Hong Kong Bank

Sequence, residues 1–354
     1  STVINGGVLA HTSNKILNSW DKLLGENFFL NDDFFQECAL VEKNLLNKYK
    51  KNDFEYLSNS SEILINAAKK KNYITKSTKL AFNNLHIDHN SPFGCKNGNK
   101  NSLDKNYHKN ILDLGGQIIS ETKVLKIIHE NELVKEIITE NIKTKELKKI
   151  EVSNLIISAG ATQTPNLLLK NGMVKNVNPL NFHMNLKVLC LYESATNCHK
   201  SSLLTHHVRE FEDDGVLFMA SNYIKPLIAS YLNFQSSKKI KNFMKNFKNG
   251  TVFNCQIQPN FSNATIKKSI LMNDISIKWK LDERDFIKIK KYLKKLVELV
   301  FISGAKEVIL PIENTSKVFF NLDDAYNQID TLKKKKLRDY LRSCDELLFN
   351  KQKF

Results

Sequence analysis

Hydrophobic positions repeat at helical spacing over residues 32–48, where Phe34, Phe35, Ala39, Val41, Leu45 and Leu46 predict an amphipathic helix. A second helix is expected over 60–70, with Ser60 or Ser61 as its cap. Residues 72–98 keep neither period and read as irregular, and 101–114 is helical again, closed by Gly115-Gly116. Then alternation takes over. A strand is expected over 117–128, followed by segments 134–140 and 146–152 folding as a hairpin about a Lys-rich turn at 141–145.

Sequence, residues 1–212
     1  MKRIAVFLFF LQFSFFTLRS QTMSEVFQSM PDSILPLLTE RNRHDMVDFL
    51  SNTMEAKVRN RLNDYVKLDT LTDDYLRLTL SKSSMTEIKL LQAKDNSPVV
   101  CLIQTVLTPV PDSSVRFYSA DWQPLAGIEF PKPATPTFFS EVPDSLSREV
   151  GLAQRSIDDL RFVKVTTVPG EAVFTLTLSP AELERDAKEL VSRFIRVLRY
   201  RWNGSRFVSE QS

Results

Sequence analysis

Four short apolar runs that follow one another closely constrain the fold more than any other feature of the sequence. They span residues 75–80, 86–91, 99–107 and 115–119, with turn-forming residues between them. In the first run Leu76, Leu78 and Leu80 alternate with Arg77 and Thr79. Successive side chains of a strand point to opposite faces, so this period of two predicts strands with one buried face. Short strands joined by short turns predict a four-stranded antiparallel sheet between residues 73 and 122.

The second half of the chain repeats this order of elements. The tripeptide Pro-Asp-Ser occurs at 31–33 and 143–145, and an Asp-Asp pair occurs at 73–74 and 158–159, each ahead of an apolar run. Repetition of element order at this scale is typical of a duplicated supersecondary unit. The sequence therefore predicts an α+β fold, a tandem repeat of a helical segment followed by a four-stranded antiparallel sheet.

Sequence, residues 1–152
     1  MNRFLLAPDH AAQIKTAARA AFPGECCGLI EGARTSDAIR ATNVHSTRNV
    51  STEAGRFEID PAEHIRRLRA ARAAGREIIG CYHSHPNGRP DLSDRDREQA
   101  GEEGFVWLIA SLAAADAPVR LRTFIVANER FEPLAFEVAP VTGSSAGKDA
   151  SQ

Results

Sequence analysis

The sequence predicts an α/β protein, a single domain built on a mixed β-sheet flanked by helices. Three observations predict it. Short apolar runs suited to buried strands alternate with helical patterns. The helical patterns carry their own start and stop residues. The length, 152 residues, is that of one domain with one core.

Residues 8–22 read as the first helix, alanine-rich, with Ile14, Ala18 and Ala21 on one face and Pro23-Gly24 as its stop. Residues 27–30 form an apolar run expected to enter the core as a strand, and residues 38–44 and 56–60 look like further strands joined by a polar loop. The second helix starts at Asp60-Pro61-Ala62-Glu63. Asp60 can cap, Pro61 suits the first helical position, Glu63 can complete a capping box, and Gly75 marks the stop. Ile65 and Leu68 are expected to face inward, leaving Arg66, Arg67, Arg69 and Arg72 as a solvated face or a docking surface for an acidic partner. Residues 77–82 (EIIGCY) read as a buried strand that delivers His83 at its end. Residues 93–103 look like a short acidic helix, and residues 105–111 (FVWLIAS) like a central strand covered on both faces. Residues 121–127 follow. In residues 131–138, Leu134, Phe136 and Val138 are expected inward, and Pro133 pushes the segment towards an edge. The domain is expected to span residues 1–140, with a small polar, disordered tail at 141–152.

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<p>Architecture 489 Chung Yang</p> <p>Structure Innovations:Hong Kong Bank 51</p> <p>Hong Kong Bank</p> <p>Norman Foster</p> <p>The new Hong Kong Bank building is the headquarters for the banks international and Hong Kong operations, and serves as a local branch as well. It stands on a prime piece of property in Central Hong Kong, overlooking to its North Statue Square and the star ferry terminal, but stable functions which likely to retain the new buildings view of the harbor in perpetuity.</p> <p>Exterior Perspective</p> <p>Architecture 489 Chung Yang</p> <p>Structure Innovations:Hong Kong Bank 52</p> <p>The Hong Kong Bank rises 590 feet above Des Voeux Road on its north side-47 floors above ground, four below- and has a gross area of over one million square feet, with net floor areas of up to 29,000 square feets. The new headquarters for Hong Kong Bank, program called for a banking hall, vaults, offices for various administrative departments, a computer center, dining and conference facilities, executive offices, and an apartment for the bank chairman. The building contains 1,067,467 gross and 757,757 net-to-gross ratio of 1:1.4(1:1.2 on largest floor).</p> <p>Interior Atrium Space</p> <p>Architecture 489 Chung Yang</p> <p>Structure Innovations:Hong Kong Bank 53</p> <p>At ground floor level the public plaza which passes beneath the tower is interrupted by just eight steel masts that carry the entire weight of the superstructure down to bedrock, and transfer windloading to the foundation. Furthermore, the uninterrupted public passage under the building precludes a sense of grand processional entrance. The two angled escalators (so positioned at the directive of the Chinese fung-shui, or environmental diviner, as are a number of other elements in the building) that lead up through the curved belly into the banking hall do provide an excitingly surrealistic effect, but do not make up for the paucity of the generalized plaza experience, paltry in comparison to associations with grand bank entrances and to the very expectations aroused by this proud and dramatic glass and aluminum structure.</p> <p>Public Plaza</p> <p>Architecture 489 Chung Yang</p> <p>Structure Innovations:Hong Kong Bank 54</p> <p>The site plan and north-south section show the swath of open space that extends from the Star Ferry in Hong Kongs Harbar to the Hong Kong Bank. The section also indicates the location of the seawater tunnel and sunscoop, and the height of the building relative to surrounding structures.</p> <p>Relationship to the Harbor</p> <p>Architecture 489 Chung Yang</p> <p>Structure Innovations:Hong Kong Bank 55</p> <p>The floor plans show how the building step back as it rises. The plaza is largely open except for passenger elevators and mechanical riseron the east side. Floors three through twelve have an atrium in their central bay. Floors thirteen through twenty-nine fill the entire three-bay, 180foot width. From the thirtieth through the thirty-sixth floors, the building step back to two bays and above the thirty-seventh floor, used mainly for executive functions, the building is only one bay wide.</p> <p>Plans</p> <p>Architecture 489 Chung Yang</p> <p>Structure Innovations:Hong Kong Bank 56</p> <p>The east-west section reveals the stepping back of the floors along the buildings east side to meet zoning requirements. Despite these setbacks, the stacks of service modules along the east side of the building rise vertically, making the buildinglook rectilinear when viewed from the north or like a series of thin, mechanistic slices when viewed from the east.</p> <p>Elevations &amp; Section</p> <p>Architecture 489 Chung Yang</p> <p>Structure Innovations:Hong Kong Bank 57</p> <p>In circulation, functional zones correspond to these five structural ones: The truss levels are double height and have specialized common functions, and the highspeed elevators, locate at the west side of the building, are programmed to stop at them. From these floors, vertical circulation is via escalators, to provide a more sociable way of moving through the zones than by elevator. Each zone accommodates a single bank function or several realated ones, and the concept is that the zones are social villages subsets of the bank as a whole, with which the employees identify.</p> <p>Vertical Movement/ Circulation</p> <p>Vertical Organization/ Solid&amp;Void</p> <p>Diagrams</p> <p>Architecture 489 Chung Yang</p> <p>Structure Innovations:Hong Kong Bank 58</p> <p>Vertical program</p> <p>Explored axonometric</p> <p>Floor plane</p> <p>Secondary Structure</p> <p>Volume box</p> <p>Primary Structure</p> <p>Architecture 489 1 Chung Yang</p> <p>Structure Innovations:Hong Kong Bank 59</p> <p>in-betweenPrograms</p> <p>volume Programs</p> <p>chairmans apartment Reception, central conference, boardroom, terrace Group head office departments</p> <p>Executive offices, group marketing</p> <p>Reception, officers dinning. terrace</p> <p>EDP and affiliated departments</p> <p>Reception, staff amenities, terrace</p> <p>import/export personnel group head office training area management</p> <p>Credit department, terrace Hong Kong and area management departments</p> <p>Main banking hall</p> <p>Programs</p> <p>To break down the anonymity of the building, Forsters first principle was to divide the 47-story structure into five above-ground zones, each served by a double-height floor. Apart from the escalators leading directly from plaza to banking hall, a total of 23 express elevators deliver staff and clients to the double-height floors, which correspond to the major sturctual transfer levels; circulation continues from these floors, upwards or downwards, via escalators, 60 in all.</p> <p>The zoning is well suited to the buildings programmatic needs, permitting individuals identities for its local, area, and international corporate headquaters functions. The double height levels contains reception areas, fire refuge terraces, and specialized functions such as dining, recreation, and conference rooms.</p> <p>Architecture 489 Chung Yang</p> <p>Structure Innovations:Hong Kong Bank 60</p> <p>Secondary Structure</p> <p>The structure of the building is its most striking aspect, visually and functinally. Both for reasons of flexible office planning and to allow clear views of the harbor from all points, the floors are virtually column-free. Four mast towers, each composed of four tubular steel columns connected by hauched beams to act as Vierendeel trusses, rise on either side of the building, the front and back pairs located outside the building envelope. At five intermediate levels, suspension trusses suspend the weight of the floors in the zone below.</p> <p>Structure</p> <p>Primary Structure</p> <p>Architecture 489 Chung Yang</p> <p>Structure Innovations:Hong Kong Bank 61</p> <p>Outside each double-height space is a terrace used not only for recreation but also as refuge areas in case of fire. Evident is the suspension truss, as well as the typhoon bracing for the windows. The glassenclosed escape stairways are finely detailed. Visitors and employees alike move by elevator to the various double-story spaces in the building and, from there, by escalator to the intervening floors. At the central elevator core, Foster has pulled the floor away from the elevator shafts, allowing a view of them rising through the building. The dramatization of movement continues in the double-story levels, where switch-back escalators, along with trusses and hangers, sweep through the space, and where glass elevator shafts and escalator undercarriages reveal the motion of machinery.</p> <p>Terrace</p> <p>Architecture 489 Chung Yang</p> <p>Structure Innovations:Hong Kong Bank 62</p> <p>Looking up to the ceiling of the atrium on a sunny day one sees what appears to be some kind of glazed vault through which sunlight gently filters. But this cannot be, since there are 25 floors of offices above this ceiling. In fact its all done by mirrors. This is the famous sunscoop--a huge periscope projecting sunlight onto the banking halls and through the glazed underbelly to the public plaza beneath the building. It has two main components: a bank of flat mirrors attached to the south side of the building at level 12 and a curved canopy of convex mirrors suspended over the atrium.</p> <p>Sunscoop Light the Atrium</p> <p>Architecture 489 Chung Yang</p> <p>Structure Innovations:Hong Kong Bank 63</p> <p>The mirrors move in one plane only, adjusting to the height of the sun above the horizon but not to its east/west position. This means that the light falling inside the building moves across the atrium space during the day, just as it would if shining directly through a skylight. The mechanism is basically the same as that for motorised external louvres, except that the motors are controlled by a computer programmed to know precisely how high the sun will be on every day of the year.</p> <p>Sunscoop Light the Atrium</p> <p>Architecture 489 Chung Yang</p> <p>Structure Innovations:Hong Kong Bank 64</p> <p>Sunscoop Light the Atrium</p> <p>Architecture 489 Chung Yang</p> <p>Structure Innovations:Hong Kong Bank 65</p> <p>Speed, quality and compactness: these were the three main reasons for the decision to package the air-handling plant and lavatories into container-size modules made on a production line and shipped to the site fully fitted out, commissioned and tested. There are 139 modules stacked in towes on the east and west sides of the building. They are linked together by risers which were also prefabricated in two and three-storey high steel frames.</p> <p>Modules</p> <p>Architecture 489 Chung Yang</p> <p>Structure Innovations:Hong Kong Bank 66</p> <p>Fosters scheme for reorganizing Statue Square and the Star Ferry Terminal.</p> <p>Between Hong Kong Bank &amp; Harbor</p> <p>Architecture 489 Chung Yang</p> <p>Structure Innovations:Hong Kong Bank 67</p> <p>Works Cited 1. 2. 3. 4. The Hong Kong Bank Proressive Architecture. Vol. 67. March 1986. pp. 67-109. Hong Kong &amp; Shanghai Bank The Architectural Review. Vol. 179. April 1986. pp. 35-117. Hong Kong Bank Detail. Vol. 4. July 1986. pp 357-366. Hong Kong Bank Annexe Norman Foster-Building and Projects. Vol. 4. 1982-1989. pp. 18 - 29.</p> <p>Innovation occurs in almost every aspect of the banks design and construction. For its efficient seawater cooling system, its bridgelike suspension structure, its socially oriented organization, and just the many products developed specifiically for it, the bank will be long remembered.</p>